Dr Neil Stanley Independent Sleep Expert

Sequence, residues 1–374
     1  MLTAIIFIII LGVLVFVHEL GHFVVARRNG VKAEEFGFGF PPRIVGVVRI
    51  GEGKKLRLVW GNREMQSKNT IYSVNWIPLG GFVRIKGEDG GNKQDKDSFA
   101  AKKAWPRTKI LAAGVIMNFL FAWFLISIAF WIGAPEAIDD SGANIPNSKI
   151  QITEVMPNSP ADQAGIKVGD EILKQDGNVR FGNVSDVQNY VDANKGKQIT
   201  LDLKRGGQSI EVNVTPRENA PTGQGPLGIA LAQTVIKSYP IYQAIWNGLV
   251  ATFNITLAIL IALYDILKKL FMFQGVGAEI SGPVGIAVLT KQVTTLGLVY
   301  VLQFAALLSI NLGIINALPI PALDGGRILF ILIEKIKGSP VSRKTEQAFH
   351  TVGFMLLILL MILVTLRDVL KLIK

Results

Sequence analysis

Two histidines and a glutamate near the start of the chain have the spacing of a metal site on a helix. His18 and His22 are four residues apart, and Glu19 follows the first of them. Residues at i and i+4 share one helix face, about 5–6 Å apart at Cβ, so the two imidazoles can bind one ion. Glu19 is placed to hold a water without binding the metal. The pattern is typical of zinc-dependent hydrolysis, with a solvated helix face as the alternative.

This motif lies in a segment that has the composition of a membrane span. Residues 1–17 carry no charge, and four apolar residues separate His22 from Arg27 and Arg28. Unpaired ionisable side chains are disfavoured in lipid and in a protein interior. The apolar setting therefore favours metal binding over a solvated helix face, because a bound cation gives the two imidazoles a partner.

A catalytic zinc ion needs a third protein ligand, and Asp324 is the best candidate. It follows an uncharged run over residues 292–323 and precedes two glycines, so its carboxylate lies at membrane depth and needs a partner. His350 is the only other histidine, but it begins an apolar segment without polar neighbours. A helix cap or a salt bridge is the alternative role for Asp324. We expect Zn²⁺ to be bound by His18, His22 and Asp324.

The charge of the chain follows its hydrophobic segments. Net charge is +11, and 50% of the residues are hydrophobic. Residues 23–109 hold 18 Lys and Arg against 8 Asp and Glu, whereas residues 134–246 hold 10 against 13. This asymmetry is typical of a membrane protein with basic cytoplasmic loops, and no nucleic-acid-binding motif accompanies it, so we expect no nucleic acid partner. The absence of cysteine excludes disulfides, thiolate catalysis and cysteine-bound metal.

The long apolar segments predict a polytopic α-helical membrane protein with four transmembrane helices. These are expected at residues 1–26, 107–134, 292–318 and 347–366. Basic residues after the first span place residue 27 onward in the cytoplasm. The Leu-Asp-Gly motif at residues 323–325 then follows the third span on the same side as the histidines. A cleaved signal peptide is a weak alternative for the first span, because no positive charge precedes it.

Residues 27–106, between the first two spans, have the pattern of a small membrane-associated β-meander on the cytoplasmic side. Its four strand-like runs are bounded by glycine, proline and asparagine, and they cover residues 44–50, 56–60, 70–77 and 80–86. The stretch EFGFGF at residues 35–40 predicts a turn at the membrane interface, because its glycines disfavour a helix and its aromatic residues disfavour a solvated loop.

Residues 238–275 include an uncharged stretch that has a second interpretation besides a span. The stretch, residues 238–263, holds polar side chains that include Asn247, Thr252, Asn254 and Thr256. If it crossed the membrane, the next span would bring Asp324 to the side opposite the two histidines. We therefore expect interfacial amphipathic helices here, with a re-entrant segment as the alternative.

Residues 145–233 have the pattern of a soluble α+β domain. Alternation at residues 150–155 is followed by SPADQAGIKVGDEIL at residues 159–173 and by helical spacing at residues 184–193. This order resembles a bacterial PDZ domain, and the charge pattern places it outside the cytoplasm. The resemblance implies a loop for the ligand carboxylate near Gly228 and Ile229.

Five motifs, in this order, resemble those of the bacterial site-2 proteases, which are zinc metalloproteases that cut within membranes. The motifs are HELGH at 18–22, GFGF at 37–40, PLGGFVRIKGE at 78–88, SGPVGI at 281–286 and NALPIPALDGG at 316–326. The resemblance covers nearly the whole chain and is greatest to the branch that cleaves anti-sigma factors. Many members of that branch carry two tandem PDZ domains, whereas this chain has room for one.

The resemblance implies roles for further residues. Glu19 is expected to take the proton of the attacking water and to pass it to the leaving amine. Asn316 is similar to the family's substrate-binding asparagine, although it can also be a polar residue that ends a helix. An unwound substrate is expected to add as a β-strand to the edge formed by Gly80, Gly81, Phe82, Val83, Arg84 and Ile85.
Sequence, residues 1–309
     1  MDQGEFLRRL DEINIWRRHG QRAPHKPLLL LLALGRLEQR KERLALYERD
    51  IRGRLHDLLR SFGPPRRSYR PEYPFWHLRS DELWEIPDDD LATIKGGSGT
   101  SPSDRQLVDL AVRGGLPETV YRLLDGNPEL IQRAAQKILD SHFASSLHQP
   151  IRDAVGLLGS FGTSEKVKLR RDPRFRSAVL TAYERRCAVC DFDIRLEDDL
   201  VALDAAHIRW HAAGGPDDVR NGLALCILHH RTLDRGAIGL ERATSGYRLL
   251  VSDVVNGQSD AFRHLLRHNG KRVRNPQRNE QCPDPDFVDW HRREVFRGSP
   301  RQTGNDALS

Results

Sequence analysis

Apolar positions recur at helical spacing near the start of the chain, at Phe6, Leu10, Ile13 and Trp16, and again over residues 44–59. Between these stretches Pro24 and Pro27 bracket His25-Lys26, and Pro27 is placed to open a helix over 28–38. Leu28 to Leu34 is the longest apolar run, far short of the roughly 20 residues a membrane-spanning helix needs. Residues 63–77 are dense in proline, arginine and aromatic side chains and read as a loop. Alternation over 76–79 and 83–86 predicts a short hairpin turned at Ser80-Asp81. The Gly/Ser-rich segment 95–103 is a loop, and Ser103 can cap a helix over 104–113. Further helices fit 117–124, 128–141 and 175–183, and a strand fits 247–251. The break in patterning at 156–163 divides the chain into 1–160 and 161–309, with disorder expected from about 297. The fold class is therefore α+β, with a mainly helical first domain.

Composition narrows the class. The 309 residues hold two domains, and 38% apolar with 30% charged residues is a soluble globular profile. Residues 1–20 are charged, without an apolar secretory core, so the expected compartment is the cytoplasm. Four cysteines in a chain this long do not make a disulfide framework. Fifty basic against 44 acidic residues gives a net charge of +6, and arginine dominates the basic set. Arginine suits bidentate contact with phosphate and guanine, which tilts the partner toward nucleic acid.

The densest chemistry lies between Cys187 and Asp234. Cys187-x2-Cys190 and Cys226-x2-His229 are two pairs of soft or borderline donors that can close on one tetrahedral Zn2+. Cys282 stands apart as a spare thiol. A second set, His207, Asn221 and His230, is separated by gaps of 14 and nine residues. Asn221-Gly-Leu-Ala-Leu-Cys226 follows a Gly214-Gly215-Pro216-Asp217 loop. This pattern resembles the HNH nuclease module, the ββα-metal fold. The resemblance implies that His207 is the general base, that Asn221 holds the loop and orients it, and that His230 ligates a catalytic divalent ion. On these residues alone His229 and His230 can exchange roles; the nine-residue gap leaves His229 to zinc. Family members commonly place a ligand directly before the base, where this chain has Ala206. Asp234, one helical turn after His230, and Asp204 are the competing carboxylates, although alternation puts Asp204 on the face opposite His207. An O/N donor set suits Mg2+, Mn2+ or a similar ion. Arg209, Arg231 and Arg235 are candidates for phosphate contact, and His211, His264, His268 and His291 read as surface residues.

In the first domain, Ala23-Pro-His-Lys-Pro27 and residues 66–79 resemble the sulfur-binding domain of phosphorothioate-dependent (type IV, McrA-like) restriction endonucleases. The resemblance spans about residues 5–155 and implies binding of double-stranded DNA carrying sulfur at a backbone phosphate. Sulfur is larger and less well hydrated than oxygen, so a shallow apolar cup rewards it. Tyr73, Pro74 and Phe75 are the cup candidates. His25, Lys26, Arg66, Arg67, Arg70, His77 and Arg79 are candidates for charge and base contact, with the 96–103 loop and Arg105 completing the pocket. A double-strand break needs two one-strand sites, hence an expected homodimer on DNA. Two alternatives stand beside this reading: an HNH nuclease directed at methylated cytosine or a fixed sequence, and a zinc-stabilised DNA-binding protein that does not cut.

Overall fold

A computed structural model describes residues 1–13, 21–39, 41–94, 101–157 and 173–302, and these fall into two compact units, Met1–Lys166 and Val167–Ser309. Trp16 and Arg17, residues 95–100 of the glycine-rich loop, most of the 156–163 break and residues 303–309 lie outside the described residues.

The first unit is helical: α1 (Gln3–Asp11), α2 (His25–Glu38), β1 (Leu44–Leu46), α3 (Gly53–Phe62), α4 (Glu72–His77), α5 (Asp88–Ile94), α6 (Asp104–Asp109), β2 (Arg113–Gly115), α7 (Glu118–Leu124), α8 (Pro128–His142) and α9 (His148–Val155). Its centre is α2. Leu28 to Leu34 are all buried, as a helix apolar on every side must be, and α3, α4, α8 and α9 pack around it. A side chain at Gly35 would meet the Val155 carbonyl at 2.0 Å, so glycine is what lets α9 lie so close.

BACK For some reason Ekirch truncates the relevant passage, the full passage from Another Collection of Philosophical Conferences, 419; is here And who makes any doubt but that the greatest perfection of the Heavens consists in their regular motion, the principal cause of their duration? Which order since we are not able to imitate, it is but requisite we should come as near it as we can in our actions, among which sleeping and waking, being the hindges on which all the others of our life do hang, if there be any irregularity in these, confusion and disorder must needs be expected in all the rest, as may be seen in the lives of Courtiers of both Sexes, who turn night to day, and day to night, a course of life much different from that which is observ'd by the Superiours and Members of regulated companies. makes it clear the the irregularity which the author is talking about is “seen in the lives of Courtiers of both Sexes, who turn night to day, and day to night”, so it is not the ‘regularity’ of sleep/wake but the  reversal of the day night cycle which is being discussed. The passage does not talk about ways of improving sleep. Ekirch  gives the examples from Northumberland of two terms that he claims signified light sleep e.g."dover" and "slum," however the source is actual more nuanced  “DOVER, to go lightly to sleep, to fall into a dose. “She's just dover'd, silly thing." " Dinna scranch on the floor ; yor fethor's just dove/t.'; Aa dovered ower."” here  SLUM or SLOOM, a light sleep. "Aa've getten nowtfaer sleep nor slum." Slummin, dozing. here Notice that there seems to be an implied difference between ‘sleep’ and ‘slum’.  The Proverbs of Scotland, Alexander Hislop, comp. (Edinburgh, 1870), 346. here  He sleeps as dogs do when wives sift meal Meaning that a person is very sharp, and that he, figuratively, sleeps with one eye open. This meaning is more obviously expressed in this quote  from 1854 “sleep like a hare, with eyes half-open” here  Thus it is clear that these are much more of an illusion to being alert ‘on guard’ than of light or anxious sleep A dictionary of the proverbs in England in the sixteenth and seventeenth centuries : a collection of the proverbs found in English literature and the dictionaries of the period  by Morris Palmer Tilley, Ann Arbor  University of Michigan Press, 1950. D536 He sleeps as Dogs do when wives sift meal (bake) *Apply’d to those who pretend to be asleep,or unconcern’d, who are all the while making their Remarks. here  Note that, in contradiction of Ekirch’s claim, the description explicitly does not talk about sleep but refers to those who “pretend to be asleep” The entry in Wilson is He sleeps as Dogs do when wives sift meal  D536  a.1628 CARMICHAELL no. 1831/ 1644 FERGUSON no 472 Of hypocrites….1721KELLY 127 (when wives bakes; or when Wives sift Meal). Apply’d to those who pretend to be asleep, or unconcern’d, who are a;; the while making their Remarks. Note that, in contradiction of Ekirch’s claim, the description explicitly does not talk about sleep but refers to those who “pretend to be asleep” In the following examples it is clear that they are an illusion to being alert ‘on guard’ rather than of light or anxious sleep  Thomas Dekker, North-Ward Hoe (London, 1607);here  he hath found her fast asleep : marry, it was cat's sleep, for you shall hear what prey she watched for. The Works of Thomas Adams, 3 vols. (Edinburgh, 1861–62), 2: 193; here  The lion is said to sleep with one eye open, the hare with both Thomas Duffett, The Empress of Morocco (London, 1674), 15; here Now he but sleeps Dog-sleep among us  Overbury, "Conceited Newes," “That a jelous man fleepes dog-fleepe”  Statement of Richard Wager, Old Bailey Sessions Papers, October 16, 1728; Martha Potter , Elizabeth Bell and Jane Aubry of St. Margaret's, Westminster , were indicted for privately stealing four Pound Money from the Person of Richard Wager . The Prosecutor depos'd That as he was walking along Peter's-Street he met Jane Aubry , as they being acquainted before, fell into Conversation, and that she persuaded him to give her a Dram, and directed him to a House where they sat very lovingly, and drank a Dram or two; when Aubry said she had no Money, and the Woman of the House said she would not trust, that he flung down a Shilling and drank it out, and that putting him in Humour, they drank to the Tune of fourteen Quarterns of Geneva, when he fell asleep till Three in the Morning, and was then awaked by the Prisoners quarrelling; and as he said, he being Cunning, lay in a Dog's-sleep, and heard they desputed about the Division of his Money; that he felt in his Pocket and found as his Money was gone, every Farthing, which all his Cunning could not find again, tho' he staid till Seven in the Morning. Some People said he, thinks I went with Jane Aubry upon an ill Design; but was Harmless, and I was Civil, and I was Chaste, and I was Honest tho' they were otherwise. The Prisoners said in their Defence, That the Prosecutor was in their Company, but he was Drunk, and knew not what he did; for he went home with Jane Aubry and came back again, and had some Pig and other Dainties, and play'd the D - l, &c. and that they could not tell what he had done with his Money; his Drunkenness and Extravagance being considered, the Jury acquitted them. here  Bartlett J. Whiting, Proverbs, Sentences, and Proverbial Phrases: From English Writings Mainly before 1500 (Cambridge, Mass., 1968), 30. BACK
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